The main flora and fauna of the Vedic texts, back to the Rig Veda, is that of India. The flora in the Rig Veda includes such typical Indian species as lotuses (pushkar, padma), bamboo (vaamsha), durva, shara, and munja grasses, khadir, kimsuka and shalmali trees. The Vedic sacred fire or Agni is enkindled with the wood of two sacred trees, the ashvattha and the shalmali, both native India species and both mentioned in the Rig Veda. The ashvattha known as Ficus religiosa is the most sacred of the Rig Vedic trees as it is that of the Upanishads and later India. It is still sacred.
The fauna of the Rig Veda is yet more obviously Indian including peacocks (mayur), swans (hamsa), water buffalos (mahish), gaura (another type of buffalo or the Indian bison), camels (ushtra) and elephants (hasti) – all of which are common to the region. The Atharva Veda, which mentions more species, features the whole array of India's plants and herbs and other animals. Harappan seals contain images of these same plants and animals. The species of plants and animals depicted on Harappan seals are the same as those found in the Vedic literature.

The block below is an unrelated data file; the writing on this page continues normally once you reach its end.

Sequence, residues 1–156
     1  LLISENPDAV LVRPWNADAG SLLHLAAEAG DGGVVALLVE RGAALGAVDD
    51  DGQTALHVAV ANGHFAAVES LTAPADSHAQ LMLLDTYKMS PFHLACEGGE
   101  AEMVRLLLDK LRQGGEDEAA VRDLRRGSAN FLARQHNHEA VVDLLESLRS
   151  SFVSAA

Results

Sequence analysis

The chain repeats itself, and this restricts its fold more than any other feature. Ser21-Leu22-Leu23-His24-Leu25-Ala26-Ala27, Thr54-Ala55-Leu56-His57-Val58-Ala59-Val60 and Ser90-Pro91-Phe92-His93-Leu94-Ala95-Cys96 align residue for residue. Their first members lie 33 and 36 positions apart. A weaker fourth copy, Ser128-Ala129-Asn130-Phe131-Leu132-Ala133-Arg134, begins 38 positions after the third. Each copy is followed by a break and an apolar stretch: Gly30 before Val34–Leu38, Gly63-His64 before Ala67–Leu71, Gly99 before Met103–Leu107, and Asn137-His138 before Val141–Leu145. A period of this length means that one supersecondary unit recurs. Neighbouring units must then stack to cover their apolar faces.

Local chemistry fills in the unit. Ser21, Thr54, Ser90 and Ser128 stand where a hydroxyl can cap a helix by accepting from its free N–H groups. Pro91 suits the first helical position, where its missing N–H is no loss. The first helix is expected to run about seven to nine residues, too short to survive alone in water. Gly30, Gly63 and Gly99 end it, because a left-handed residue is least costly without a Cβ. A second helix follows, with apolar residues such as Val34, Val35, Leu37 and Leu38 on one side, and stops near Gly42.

The climate mentioned in the Rig Veda reflects a great monsoon, with rain deities like Indra and the Maruts taking prominent roles in the Rig Veda hymns. The Vedic geography is of a land of many rivers, many mountain ranges, deserts, wide forests and the sea, much like India today. Agni, the Vedic fire deity, is often specifically a deity of the forests.
We don't find any significance given to a cold climate or Central Asian plants and animals, which would be the base if the Vedic people had come from that region. The Rig Veda has nothing in common with the proposed Proto-Indo-European homeland of birch forests and steppes of Central Asia. There are no statements in the Rig Veda, like those in the Bible, of a group of people coming in from a far off region. There is, on the contrary, an immemorial regard for the motherland of great rivers, the Sarasvati homeland.
Source: Hidden Horizons: Unearthing 10,000 years of Indian Culture